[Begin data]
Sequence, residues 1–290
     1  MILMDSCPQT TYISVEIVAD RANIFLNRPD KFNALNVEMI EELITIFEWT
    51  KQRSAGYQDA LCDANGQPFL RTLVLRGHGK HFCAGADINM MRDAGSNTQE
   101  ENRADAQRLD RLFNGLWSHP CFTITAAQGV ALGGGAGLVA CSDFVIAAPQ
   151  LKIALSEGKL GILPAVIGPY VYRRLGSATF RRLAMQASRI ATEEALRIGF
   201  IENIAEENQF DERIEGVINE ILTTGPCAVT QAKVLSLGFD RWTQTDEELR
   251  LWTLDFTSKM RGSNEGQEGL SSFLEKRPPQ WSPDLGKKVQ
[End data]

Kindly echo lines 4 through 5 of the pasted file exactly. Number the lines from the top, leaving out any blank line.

   101  ENRADAQRLD RLFNGLWSHP CFTITAAQGV ALGGGAGLVA CSDFVIAAPQ
   151  LKIALSEGKL GILPAVIGPY VYRRLGSATF RRLAMQASRI ATEEALRIGF